Mitigating Risk

Shifting Sands: How SDR will Change the Relationship Between Outsourcers and Clients

By Matthew Johnson, DTCC Associate Director, ITP Product Management | Aug 28, 2020

Shifting Sands How SDR will Change the Relationship Between Outsourcers and Clients
Matthew Johnson, DTCC Associate Director, ITP Product Management

Communication, automation and the division of labour are key to outsourcers and clients maintaining a good working relationship, writes DTCC’s Matthew Johnson.

With the potential implementation of the Settlement Discipline Regime (SDR) just over six months away, outsourcers are weighing potential business opportunities and threats. On the one hand, SDR may create a commercial opportunity to provide new services but on the other hand, some buy-side clients may take a view that those added services should be provided at no extra cost.

As asset managers are increasingly focused on cost reduction, outsourcing of back- and middle-office functions has risen, as it enables them to focus on investment strategies rather than post-execution services such as trade matching, settlement and corporate actions. That said, the level of outsourced activities varies greatly with some asset management firms outsourcing their entire operations while others prefer to retain certain functions in house to ensure greater control and oversight.

The implementation of SDR could lead some outsourcers to evolve their offerings and alter how they manage relationships with their clients. The regulation’s settlement penalty regime could prove to be a particularly challenging aspect, as it mandates charges against each transaction which fails to settle under a specified timeframe. The issue for outsourcers is that if the trade is late for settlement as a result of their actions, this cost cannot be passed along to the buy-side. In cases where the buy-side client is responsible for a trade which fails to settle on time, the outsourcer will then need to decide whether the penalty should be passed onto the client, and if so, how much should they pass on? These types of decisions will affect outsourcers’ relationships with their clients and so they require careful consideration as well as meticulous planning.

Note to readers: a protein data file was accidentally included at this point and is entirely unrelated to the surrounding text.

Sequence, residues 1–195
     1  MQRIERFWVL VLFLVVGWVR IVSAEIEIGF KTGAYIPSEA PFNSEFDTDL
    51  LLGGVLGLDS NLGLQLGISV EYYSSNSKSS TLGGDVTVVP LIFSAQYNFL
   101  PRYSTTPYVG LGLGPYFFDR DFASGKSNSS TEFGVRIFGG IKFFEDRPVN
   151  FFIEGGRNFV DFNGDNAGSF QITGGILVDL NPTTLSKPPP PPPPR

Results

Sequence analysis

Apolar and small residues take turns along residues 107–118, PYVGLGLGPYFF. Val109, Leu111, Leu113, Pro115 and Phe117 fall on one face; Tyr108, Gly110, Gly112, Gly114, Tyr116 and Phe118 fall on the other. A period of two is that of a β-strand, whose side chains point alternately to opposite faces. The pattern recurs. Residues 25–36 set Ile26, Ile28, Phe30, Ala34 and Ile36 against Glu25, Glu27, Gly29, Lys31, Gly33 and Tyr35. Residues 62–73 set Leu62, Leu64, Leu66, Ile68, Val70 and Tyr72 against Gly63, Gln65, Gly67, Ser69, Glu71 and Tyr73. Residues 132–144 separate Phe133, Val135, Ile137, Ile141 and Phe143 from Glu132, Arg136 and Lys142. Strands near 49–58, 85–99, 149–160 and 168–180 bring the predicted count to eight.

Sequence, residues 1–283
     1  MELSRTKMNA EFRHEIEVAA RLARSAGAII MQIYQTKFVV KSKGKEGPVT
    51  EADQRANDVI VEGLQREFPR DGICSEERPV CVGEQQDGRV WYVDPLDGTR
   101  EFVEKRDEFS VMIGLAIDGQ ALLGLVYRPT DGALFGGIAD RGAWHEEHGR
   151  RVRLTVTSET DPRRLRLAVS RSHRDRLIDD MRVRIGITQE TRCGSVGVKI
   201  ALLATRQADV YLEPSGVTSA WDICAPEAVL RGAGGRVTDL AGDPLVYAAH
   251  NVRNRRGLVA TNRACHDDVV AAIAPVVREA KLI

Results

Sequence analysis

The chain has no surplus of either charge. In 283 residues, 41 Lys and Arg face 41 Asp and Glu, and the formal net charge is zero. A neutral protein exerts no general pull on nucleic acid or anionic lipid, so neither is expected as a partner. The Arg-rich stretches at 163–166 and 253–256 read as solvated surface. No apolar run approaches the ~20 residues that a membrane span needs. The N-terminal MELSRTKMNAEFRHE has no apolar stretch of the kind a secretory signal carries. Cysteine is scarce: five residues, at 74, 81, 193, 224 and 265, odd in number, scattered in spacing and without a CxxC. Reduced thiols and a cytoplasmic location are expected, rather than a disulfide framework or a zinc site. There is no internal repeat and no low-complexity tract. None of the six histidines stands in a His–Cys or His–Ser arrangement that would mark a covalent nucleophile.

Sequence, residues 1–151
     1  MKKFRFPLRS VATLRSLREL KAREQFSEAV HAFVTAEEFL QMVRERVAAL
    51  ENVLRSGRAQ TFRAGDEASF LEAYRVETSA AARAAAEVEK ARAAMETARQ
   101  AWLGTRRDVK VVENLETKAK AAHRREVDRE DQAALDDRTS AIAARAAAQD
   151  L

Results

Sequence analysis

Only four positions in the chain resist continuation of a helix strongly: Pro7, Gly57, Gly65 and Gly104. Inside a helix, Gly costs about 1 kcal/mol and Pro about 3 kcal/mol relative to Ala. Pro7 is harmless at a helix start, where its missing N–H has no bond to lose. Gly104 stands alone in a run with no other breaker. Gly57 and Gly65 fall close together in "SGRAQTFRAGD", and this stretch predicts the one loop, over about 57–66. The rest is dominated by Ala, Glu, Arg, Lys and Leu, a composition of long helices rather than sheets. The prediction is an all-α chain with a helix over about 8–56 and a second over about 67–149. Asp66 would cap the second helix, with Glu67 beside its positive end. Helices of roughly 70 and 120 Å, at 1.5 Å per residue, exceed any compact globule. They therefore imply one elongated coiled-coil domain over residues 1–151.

Another potential issue is SDR’s buy-in regime, which mandates firms to source a replacement trade via a buy-in agent, should the original trade fail to settle after a specific set time frame, in order to fulfil trade settlement. The buy-in rule will create an issue around the speed of communication from the asset management firm to the outsourcer on trades which have been executed for buy-ins. Efficient communication will be particularly important for liquid securities, which may require same day settlement. Once a buy-in trade has been executed, the outsourcer must have access to all relevant data pertaining to that trade to ensure timely settlement. It will be essential for the asset manager to provide the outsourcer with the necessary data on the buy-in, in as close to real time as possible.

Automation holds the key to outsourcers’ ability to treat SDR as a commercial opportunity rather than a threat. By ensuring their post-trade processing offering, particularly the trade confirmation and allocation process, is as automated as possible, outsourcers will be more efficient and in a better position to correct errors. Manual processing is more prone to errors, and so if there are discrepancies between market participants at the trade confirmation stage, it could delay the settlement of the trade which will then incur the financial penalty.

Working towards a proposed deadline of February 2021, outsourcers and their clients should be well on the way to agreeing what the division of labour will be when it comes to post trade processes relating to SDR. Yes, SDR presents an opportunity for outsourcers to take on more tasks on behalf of their clients, however, outsourcers must ensure they have the requisite post-trade automation in place in order to offer these additional services efficiently. Otherwise, SDR could prove costly in terms of resources and client relationships.

This article was originally published in Global Custodian.

 

 

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